Eight months after moving to Japan, I’ve made a monumental decision: it is okay to be an American.
I’m allowed to put sushi and ramen on-hold once in a while and enjoy a nice burger instead. I don’t have to wear heavy sweaters in the heat of summer or exclusively drink matcha. My shopping needn’t be restricted to Japanese brands that don’t fit my hips, and the occasional Netflix binge doesn’t mean I’ve wasted the day.
Now, the niceties must still be observed. I will continue to uphold the Japanese social contract of quiet train rides, superfluous bows, and six different types of recycling. But while I may live in Japan, I am decidedly not Japanese.
This may seem like a silly realization – obviously my blonde hair and green eyes are a dead giveaway. But I tried. Truly, I did. When I learned of our move, I studied the history, began Rosetta Stone, and forced myself to tolerate the taste of raw fish. I wanted to take our adventure seriously and get the most out of the experience. I wanted to assimilate.
During my previous stints in Italy and Austria, I’d successfully adjusted to life abroad. I didn’t feel deep longings for American food or culture. I easily shopped my way across Europe, and I became comfortable in my surroundings. I was even mistaken for a local on more than one occasion.
But Japan has been an altogether different challenge. While I will happily grab a bowl of ramen or dig into miso soup, I don’t crave them. They are heavy and hot; they leave me feeling bloated. Likewise, sushi makes me feel stuffed yet hungry – an odd oxymoron, I know. Frankly, even if I loved Japanese food as much as I loved, say, pizza, I don’t think I could eat it every night. I guess I just require more variety.
Shopping here is difficult. First of all, it’s depressing. As a society, they are a very small people. (Yes, this is a generalization, but it’s also generally true.) Going from a US extra-small to a Japanese medium is frustrating. And even when you shop in traditionally American stores, like American Eagle or The Gap, sizing here is different. Whatever your US size, add a 2 or a 4. That’s your Japanese size.
Furthermore, their clothes are cut differently. Less curves, more fabric. The current trend is baggy clothing that appears chic and elegant on a stick figure, but makes me look like I’m swimming in a burlap bag. I appreciate it for the art that it is, but it doesn’t seem to reciprocate the feeling.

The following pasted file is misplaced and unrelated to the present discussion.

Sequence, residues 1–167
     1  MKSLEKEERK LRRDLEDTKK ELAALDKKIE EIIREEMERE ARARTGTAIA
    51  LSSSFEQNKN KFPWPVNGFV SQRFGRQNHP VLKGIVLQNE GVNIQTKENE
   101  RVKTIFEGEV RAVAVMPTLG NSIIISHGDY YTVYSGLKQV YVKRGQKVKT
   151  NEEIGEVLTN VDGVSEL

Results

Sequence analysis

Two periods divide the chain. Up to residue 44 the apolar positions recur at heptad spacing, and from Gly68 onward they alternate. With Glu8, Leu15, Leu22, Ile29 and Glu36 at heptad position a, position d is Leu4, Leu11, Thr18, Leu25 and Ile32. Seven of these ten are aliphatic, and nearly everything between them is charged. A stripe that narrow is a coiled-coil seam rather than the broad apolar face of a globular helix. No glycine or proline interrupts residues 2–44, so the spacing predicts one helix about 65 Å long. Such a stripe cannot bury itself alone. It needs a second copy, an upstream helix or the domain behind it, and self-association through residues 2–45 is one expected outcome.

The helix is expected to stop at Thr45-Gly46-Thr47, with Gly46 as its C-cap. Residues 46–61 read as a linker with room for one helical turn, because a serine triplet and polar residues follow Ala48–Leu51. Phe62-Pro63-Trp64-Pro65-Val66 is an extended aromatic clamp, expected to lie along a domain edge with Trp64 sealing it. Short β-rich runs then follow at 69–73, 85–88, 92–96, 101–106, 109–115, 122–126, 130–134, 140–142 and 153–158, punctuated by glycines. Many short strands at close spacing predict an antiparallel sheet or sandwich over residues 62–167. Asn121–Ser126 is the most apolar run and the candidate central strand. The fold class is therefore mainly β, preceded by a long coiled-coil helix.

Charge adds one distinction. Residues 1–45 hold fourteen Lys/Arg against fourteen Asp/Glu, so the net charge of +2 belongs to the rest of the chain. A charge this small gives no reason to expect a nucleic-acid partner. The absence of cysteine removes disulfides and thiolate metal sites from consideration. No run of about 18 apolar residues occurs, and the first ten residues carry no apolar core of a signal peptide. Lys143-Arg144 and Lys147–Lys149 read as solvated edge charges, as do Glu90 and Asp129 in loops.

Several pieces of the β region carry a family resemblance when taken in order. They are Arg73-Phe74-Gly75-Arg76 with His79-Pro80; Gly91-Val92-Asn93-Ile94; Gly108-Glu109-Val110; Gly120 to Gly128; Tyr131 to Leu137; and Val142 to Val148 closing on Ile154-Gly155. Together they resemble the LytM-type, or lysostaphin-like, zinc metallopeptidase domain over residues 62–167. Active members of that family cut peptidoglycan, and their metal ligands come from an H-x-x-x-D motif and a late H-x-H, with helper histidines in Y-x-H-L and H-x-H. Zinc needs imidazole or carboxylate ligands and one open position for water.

Lastly, while I love being a tourist in my own city, adventures can be exhausting! The easiest example is dinner. We can either embark early and go exploring by train and on foot in search of a true Japanese experience, where the signage and the menus will both require translations, not to mention the high probability of leaving hungry. Or we can get in the car and drive to one of many Western restaurants we know that have English menus (and English offerings) with easily accessible parking nearby. Which would you chose to do on a near-daily basis?
Therefore, I’ve decided. I am allowed to act like an American. Not all the time – I’d never give up being a tourist or trying new things – but occasionally.
To clarify, this does not mean I will become a loud, obtuse, and uninformed tourist who refuses to try traditional cuisine or model their behavior on the locals’. Merely, that no longer will I feel guilty when I choose waffles over rice and pickled vegetables for breakfast. I won’t be embarrassed to sometimes shop on base for shoes rather than going out in town. And I will treat myself to a day at Tokyo Disney without feeling like a tacky tourist who wasted their time on commercial pageantry and silly rollercoasters.
Once in a blue moon, I’m allowed forego shrines, sushi, and sightseeing for something a bit closer to home. Because this is home, even if it’s Japan.